Performance tools and realtime Java

Performance is usually expressed in terms of mean execution time (often designated as throughput). By contrast, in the realtime world, it is defined by the worst case execution. If an application must respond with a latency of 500 microseconds when a stop button is pressed, then the worst case time it takes for the application to detect that the button is pressed and to take some action is what defines performance. This time must be less that 500 microseconds.

When a developer studies realtime performance, he often has to focus on a few data points and understand why a delay is observed for those data points: if from time to time the button is pressed but the application fails to respond in less than 500 microseconds, then the developer needs to study the chain of events for those few outliers. Performance tools usually work by taking samples (oprofile on Linux for instance). Such statical tools are useful to study throughput issues but don't help much in the realtime world: a statistical tool is unlikely to catch a rare event.

One tool that is very efficient for realtime performance investigation on Solaris, in particular with java RTS, is Dtrace. It allows the instrumentation of full chain of events and to detect when something unexpected happens. Dtrace allows the developer to observe:

  1. system events. If the application is delayed after a press of the stop button, it could be that the application thread is descheduled. The sched provider will let you detect when that happens.
  2. user-level activity. Once you know your application thread lost the cpu, if it was not preempted, you are likely to want to know what it was doing at that time that made the thread block. User process tracing is here to help.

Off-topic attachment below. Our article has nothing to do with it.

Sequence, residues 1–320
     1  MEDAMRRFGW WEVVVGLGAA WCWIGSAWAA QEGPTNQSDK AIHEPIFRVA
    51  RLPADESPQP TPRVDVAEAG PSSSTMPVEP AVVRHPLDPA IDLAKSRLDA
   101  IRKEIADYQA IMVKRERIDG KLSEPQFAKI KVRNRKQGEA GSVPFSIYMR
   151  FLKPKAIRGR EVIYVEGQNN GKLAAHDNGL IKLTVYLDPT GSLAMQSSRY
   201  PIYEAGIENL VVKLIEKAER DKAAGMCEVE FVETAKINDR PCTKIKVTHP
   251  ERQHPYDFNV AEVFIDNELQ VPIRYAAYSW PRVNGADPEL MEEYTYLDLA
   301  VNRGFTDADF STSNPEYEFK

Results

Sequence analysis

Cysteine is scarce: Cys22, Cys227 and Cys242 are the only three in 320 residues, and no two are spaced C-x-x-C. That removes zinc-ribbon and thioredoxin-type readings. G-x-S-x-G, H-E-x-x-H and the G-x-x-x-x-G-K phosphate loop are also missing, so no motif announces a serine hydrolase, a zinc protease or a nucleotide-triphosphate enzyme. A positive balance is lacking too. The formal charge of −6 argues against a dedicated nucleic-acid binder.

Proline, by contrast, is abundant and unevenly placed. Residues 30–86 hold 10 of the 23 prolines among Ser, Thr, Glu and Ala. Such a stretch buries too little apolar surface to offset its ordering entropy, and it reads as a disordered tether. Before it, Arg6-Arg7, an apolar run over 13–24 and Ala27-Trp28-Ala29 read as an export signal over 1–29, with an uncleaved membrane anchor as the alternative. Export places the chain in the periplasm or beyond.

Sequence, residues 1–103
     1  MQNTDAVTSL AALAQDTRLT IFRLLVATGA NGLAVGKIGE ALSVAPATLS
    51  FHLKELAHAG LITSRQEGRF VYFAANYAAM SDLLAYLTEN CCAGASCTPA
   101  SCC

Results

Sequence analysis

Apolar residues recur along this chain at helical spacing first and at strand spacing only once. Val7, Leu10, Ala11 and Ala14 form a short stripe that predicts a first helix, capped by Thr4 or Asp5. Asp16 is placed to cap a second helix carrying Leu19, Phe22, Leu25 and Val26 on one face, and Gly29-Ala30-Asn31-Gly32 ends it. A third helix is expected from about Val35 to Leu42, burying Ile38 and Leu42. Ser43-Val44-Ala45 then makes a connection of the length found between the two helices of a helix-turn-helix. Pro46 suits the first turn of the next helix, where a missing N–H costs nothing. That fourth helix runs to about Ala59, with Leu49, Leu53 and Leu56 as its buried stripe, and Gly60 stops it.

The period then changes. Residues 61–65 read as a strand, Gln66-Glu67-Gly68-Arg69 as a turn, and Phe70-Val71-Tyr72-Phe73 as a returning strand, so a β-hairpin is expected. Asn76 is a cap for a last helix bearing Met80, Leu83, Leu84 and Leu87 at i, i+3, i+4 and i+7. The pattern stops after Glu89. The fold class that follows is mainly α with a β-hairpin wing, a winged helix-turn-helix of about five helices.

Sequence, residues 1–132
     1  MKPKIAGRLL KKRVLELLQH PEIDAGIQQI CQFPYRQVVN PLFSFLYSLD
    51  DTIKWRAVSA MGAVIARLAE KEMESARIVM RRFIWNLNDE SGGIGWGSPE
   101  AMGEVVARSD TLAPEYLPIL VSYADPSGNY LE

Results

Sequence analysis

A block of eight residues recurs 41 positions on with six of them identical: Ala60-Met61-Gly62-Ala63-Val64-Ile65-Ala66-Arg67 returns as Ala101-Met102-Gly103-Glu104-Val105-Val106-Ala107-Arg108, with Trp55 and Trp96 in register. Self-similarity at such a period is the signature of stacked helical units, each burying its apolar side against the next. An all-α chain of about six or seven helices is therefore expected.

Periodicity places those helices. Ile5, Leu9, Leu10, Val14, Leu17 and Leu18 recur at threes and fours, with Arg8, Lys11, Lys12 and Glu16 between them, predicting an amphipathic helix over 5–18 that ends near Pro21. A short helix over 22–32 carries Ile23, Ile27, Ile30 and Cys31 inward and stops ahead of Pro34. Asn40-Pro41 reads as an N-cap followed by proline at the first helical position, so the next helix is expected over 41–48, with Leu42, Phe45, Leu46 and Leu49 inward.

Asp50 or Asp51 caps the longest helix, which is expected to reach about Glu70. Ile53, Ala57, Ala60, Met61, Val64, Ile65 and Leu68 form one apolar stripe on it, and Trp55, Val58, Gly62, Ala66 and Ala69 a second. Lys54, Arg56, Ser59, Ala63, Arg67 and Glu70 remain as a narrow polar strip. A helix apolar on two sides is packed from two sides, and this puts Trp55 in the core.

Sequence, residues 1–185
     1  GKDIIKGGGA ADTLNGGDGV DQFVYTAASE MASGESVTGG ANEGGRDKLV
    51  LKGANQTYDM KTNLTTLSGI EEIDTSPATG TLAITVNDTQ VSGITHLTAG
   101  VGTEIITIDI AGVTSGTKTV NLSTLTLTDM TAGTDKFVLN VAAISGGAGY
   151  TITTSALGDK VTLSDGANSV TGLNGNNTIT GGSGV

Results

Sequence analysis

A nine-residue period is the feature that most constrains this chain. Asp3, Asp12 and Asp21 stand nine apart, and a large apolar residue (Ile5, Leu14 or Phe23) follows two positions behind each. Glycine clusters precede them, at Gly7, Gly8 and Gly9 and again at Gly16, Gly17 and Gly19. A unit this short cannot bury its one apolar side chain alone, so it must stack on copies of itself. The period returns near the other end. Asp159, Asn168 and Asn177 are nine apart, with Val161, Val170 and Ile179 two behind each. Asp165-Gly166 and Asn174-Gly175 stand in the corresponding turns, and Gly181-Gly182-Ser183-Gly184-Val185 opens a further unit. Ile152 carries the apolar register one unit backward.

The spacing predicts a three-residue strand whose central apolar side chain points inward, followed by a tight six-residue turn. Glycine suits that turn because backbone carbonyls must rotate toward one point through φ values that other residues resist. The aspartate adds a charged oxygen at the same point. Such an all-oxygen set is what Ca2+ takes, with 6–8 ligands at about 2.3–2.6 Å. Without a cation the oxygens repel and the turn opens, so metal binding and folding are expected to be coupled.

3. any Java programs. If your application is a java application, then you'll want a java stack at the point where it lost the cpu. jstack()  does that for you.
  4. JVM events. The same way Solaris has static probes to observe scheduling activities, Java RTS has static probes to observe Java RTS specific activities.
  5. instrumented Java applications. Java RTS allows the application programmer to insert in its Java RTS application Dtrace probes.

What about Linux? Linux has systemtap. It is supposed to be for Linux what Dtrace is for Solaris. In the list of 5 points above where Dtrace helps realtime performance investigation, systemtap only covers 1- as of today. User-level support, while planned, does not appear available.

I had the opportunity of using systemtap to study a few realtime performance issues on Linux and I had some success with it. However, the lack of user-level support makes things challenging. On a Linux kernel with RT patches, I found that it can very easy to make the system unstable with simple systemtap scripts. Systemtap does not have static probes as Solaris does. It uses tapsets  instead, a way to alias a specific event (the tasks gets the cpu: probe scheduler.cpu_on) with some specific code level locations (kernel function finish_task_switch). I found that the tapsets provided with systemtap are often out of sync with the kernel you are running. I guess we can expect those issues to improve as systemtap matures.